The More Good Foundation is referring people to a newer web site entitled: http://www.askgramps.org. Generally it seems to be a well-intended, good hearted, somewhat informative repository of unofficial answers (and I openly applaud both sites for what they are trying to do). Still, after reading around this site, here are some of the more interesting and/or troubling answers….
- On Joseph Smith’s use of the peep stone in translating the Book of Mormon (this seems to conflict with Elder Nelson).
- On birth control (Ouch!!!!!).
- On blacks and the LDS church (no mention of Elijah Abel?).
- On the connection between Joseph Smith and the Masons (any thoughts from Greg Kearney?).
- On “How many wives did Joseph Smith and Brigham Young have?” Another, even more interesting response here. This question I had never even thought of (kinda funny, but definitely out of context). (Anyway, this and this might help clear things up some for gramps. I don’t think familysearch.org could be considered anti-Mormon).
- On the Book of Abraham papyrus (“you’ve got the wrong papyrus”).
- On “How can I overcome my same-sex attraction?”.
- On “Is it ok to love my homosexual daughter?“.
- On “How can I help my nine-year-old grandson through a gender identity problem?”
- On evolution.
- On “Was Jesus Christ married?”
- On depression (in this instance, he conceded it can be a physical/chemical thing, and a medical condition).
- On animals in the afterlife.
- Of caffeinated sodas.
To be fair, there are also tons of other answers from askgramps.org that are interesting, thoughtful, and not controversial, but reading through some of these tougher questions and answers left me with a few thoughts and questions of my own…
- I wonder how this got through the vetting process at moregoodfoundation.org? Are answers like this more good for LDS members, or more bad? I’m not condemning moregoodfoundation.org. I totally support what they’re trying to do, and I know it’s difficult. I’m just curious if these types of answers really do support their goals. If so, I may not fully understand their goals.
- How long will it be before the non-doctrinal, but very authoritative statements of past GA’s evaporate from our day-to-day mind set? Those of you familiar with the LDS Church Handbook of Instructions will note that a great deal of askgramps.org’s answers are directly refuted by the handbook (like birth control).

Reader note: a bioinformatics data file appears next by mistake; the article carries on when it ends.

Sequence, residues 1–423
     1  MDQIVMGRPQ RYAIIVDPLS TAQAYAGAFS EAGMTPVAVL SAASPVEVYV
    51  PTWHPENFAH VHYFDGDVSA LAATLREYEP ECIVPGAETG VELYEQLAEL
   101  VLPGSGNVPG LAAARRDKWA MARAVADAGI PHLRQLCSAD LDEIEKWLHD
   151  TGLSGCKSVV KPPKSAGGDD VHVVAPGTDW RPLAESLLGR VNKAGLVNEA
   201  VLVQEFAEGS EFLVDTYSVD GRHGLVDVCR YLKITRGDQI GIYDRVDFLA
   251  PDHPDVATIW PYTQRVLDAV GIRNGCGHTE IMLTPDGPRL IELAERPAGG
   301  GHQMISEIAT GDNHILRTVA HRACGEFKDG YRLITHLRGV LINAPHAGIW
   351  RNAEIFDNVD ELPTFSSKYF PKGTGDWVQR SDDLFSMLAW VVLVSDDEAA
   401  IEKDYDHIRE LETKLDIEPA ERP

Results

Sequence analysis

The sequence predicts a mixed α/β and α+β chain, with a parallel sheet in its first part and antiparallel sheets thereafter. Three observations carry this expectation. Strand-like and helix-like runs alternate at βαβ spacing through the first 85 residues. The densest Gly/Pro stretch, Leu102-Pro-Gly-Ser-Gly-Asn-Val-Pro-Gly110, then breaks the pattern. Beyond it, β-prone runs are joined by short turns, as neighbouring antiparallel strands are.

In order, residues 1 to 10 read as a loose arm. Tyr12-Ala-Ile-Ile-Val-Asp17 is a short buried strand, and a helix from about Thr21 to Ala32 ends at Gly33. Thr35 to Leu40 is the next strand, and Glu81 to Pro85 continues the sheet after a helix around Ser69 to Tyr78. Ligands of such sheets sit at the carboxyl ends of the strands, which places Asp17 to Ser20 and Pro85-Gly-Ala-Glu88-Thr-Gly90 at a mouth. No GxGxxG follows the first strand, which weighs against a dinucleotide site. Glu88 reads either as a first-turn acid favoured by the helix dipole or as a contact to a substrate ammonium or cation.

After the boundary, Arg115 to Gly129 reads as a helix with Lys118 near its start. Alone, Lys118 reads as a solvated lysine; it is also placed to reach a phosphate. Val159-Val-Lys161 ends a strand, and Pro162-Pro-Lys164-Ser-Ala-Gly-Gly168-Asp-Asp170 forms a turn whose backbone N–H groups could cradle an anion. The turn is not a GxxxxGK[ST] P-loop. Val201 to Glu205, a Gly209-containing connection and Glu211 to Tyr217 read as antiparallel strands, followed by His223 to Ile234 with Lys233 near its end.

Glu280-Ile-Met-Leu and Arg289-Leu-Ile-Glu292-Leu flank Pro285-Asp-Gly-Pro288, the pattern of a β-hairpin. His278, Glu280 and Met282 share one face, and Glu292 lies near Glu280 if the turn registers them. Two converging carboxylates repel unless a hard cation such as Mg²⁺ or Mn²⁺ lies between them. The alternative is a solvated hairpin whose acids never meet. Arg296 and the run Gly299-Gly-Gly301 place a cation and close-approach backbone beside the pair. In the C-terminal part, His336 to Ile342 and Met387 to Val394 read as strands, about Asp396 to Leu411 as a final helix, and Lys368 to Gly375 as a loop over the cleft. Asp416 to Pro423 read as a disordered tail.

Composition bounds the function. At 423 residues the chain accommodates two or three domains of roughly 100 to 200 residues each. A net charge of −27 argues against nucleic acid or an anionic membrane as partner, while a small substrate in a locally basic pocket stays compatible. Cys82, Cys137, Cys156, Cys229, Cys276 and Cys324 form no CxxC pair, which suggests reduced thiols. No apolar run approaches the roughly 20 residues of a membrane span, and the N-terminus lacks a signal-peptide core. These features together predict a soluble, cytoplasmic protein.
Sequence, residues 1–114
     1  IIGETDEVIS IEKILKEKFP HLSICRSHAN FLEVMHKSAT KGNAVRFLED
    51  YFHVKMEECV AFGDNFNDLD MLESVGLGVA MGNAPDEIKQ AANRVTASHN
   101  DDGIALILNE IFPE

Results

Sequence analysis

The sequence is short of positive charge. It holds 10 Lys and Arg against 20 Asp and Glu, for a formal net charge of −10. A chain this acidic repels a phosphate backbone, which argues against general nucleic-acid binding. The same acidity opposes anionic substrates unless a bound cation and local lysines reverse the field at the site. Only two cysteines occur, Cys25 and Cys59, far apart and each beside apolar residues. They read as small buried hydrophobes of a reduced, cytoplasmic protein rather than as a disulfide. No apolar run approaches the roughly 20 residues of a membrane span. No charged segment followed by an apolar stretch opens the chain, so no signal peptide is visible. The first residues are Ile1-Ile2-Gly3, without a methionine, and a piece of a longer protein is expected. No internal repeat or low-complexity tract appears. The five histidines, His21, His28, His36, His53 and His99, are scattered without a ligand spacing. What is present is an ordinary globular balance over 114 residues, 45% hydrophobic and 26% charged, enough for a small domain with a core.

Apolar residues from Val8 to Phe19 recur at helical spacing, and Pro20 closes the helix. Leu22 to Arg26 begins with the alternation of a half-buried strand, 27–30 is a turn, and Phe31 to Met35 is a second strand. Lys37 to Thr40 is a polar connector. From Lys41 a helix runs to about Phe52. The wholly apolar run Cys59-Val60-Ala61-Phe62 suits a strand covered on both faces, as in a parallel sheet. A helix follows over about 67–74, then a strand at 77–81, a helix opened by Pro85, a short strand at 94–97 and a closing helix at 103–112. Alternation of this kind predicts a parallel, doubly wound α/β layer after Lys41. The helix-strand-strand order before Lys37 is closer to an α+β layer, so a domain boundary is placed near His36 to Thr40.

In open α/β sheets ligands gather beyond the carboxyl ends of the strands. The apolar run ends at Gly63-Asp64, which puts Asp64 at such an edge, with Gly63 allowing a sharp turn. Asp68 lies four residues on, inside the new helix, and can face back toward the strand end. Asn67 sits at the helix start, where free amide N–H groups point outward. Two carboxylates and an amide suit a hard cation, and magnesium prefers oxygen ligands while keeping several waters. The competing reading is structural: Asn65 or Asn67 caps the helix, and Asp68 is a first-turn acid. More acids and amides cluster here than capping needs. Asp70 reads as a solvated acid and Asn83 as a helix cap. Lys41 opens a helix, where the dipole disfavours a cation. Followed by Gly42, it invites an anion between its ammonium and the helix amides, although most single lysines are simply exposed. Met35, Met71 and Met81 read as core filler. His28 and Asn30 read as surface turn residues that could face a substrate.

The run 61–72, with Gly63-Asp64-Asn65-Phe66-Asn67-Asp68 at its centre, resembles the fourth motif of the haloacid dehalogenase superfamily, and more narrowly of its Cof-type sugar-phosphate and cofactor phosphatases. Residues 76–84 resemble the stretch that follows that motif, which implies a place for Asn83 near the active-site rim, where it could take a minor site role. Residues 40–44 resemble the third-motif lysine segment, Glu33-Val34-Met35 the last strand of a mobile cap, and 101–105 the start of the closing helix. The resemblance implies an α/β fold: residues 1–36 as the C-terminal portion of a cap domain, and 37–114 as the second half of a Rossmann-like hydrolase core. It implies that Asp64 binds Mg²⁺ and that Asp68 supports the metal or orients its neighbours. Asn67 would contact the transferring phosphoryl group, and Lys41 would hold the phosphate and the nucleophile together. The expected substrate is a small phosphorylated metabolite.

- I am SOOO grateful that the GA’s of today do not opine so freely as they once did on some of these topics. They seem to use MUCH more discretion and care than they used to, and I am very grateful for this. I probably could not stay in the church if GA’s made these same types of statements today.
- Wouldn’t it be wonderful if the LDS Church could provide direct, succinct answers to questions like this, so that the myths and bad doctrine could be very directly dispelled, and the answers (when possible) provided? Will this day ever come?
- If the church won’t or can’t do it, how I wish that FAIR would take this on: a very simple Q&A section, with very simple, straightforward answers. Just like askgramps.org, but with more accurate responses. FAIR….if you’re listening….PLEASE consider doing this.
- Finally, if you find any of gramps’ answers incorrect or offensive, please consider emailing him with your concerns or corrections. His email is: firstname.lastname@example.org
I am 100% sure that gramps is a totally nice and smart guy. I don’t mean to pile on him, or be mean spirited. I just don’t feel that all of his answers are helpful, and that some can be very damaging to the faithful (either because they are factually incorrect, or far too speculative).
That’s true with all I write too, of course, so take my editorial for what it’s worth.